University of Michigan control room
John Storyk and the Walters-Storyk Design Group (WSDG) recently renovated the University of Michigan’s (Ann Arbor, Mich.) recording studio. The facility is an essential component of the University’s School of Music, Theatre & Dance and handles a variety of projects.
First built in 1995, the 1,800-square-foot complex features a control room, live recording room and iso booth. The original sound lock, which doubled as a machine room, has been moved to the control room for increased efficiency and to maximize space. Jason Corey, assistant professor of audio engineering, reports that WSDG enhanced the “live” quality of the original recording space by adding acoustically reflective surfaces including variable wall panels and a wood floor. “The wall treatments have wooden and absorbent sides so that we can quickly retune the room to change reverberation time.
“This flexibility is essential to teaching sound engineering,” Corey says. “It enables us to demonstrate the role the studio environment plays in music the students record—whether solo artist, ensemble, jazz, rock or classical, etc. By varying the room acoustics, students quickly learn to appreciate its effect on the sound of the music.”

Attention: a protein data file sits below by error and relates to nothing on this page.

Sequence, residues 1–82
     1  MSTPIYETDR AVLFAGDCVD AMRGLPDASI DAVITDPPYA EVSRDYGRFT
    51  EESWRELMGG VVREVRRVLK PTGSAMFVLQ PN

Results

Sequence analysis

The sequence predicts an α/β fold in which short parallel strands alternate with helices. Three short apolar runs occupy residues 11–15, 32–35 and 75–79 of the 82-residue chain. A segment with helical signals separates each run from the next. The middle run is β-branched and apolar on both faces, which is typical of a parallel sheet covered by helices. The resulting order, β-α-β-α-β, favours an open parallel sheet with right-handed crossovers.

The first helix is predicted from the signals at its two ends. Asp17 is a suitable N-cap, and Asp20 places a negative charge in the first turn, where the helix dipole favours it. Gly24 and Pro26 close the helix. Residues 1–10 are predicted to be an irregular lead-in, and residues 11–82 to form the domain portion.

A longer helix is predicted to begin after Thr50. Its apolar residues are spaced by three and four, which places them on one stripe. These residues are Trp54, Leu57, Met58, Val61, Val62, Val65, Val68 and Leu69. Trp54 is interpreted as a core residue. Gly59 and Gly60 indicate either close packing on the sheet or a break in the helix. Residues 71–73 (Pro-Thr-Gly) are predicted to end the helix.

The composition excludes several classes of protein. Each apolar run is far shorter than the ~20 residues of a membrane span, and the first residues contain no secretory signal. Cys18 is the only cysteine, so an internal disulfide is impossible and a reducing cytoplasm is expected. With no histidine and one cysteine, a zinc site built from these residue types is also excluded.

The facility’s upgrade includes a new 48-channel API Vision surround sound mixing and recording console. “Using an analog console is a more effective teaching tool than a digital desk because it provides students with a straightforward method for learning the fundamentals of studio signal flow,” says David Greenspan, coordinator of audio resources at the University’s Duderstadt Center and the Digital Media Commons. “We are also very pleased with the moveable producers desk, which can shift from its position at the center of the control room for working sessions to the rear of the room to accommodate larger groups of students.”
David Greenspan (left) and Jason Corey
Greenspan points out that a six-week course in studio production is available to all members of the student body as part of their standard tuition, and that the facility is available for students who have been trained in its use.
“The UM facility was designed to provide students with an environment that will prepare them for real-world jobs,” Storyk concludes. “They are already producing professional level work for Block M Records, the University’s recording label, which makes performances available worldwide, primarily through Internet streaming or fee-for-download. The facility is also used for the University’s Internet Publication Project, which promotes the publication of music recordings, scholarly writing and video production. We are very pleased to have contributed to this project, and I look forward to lecturing here again in the future.”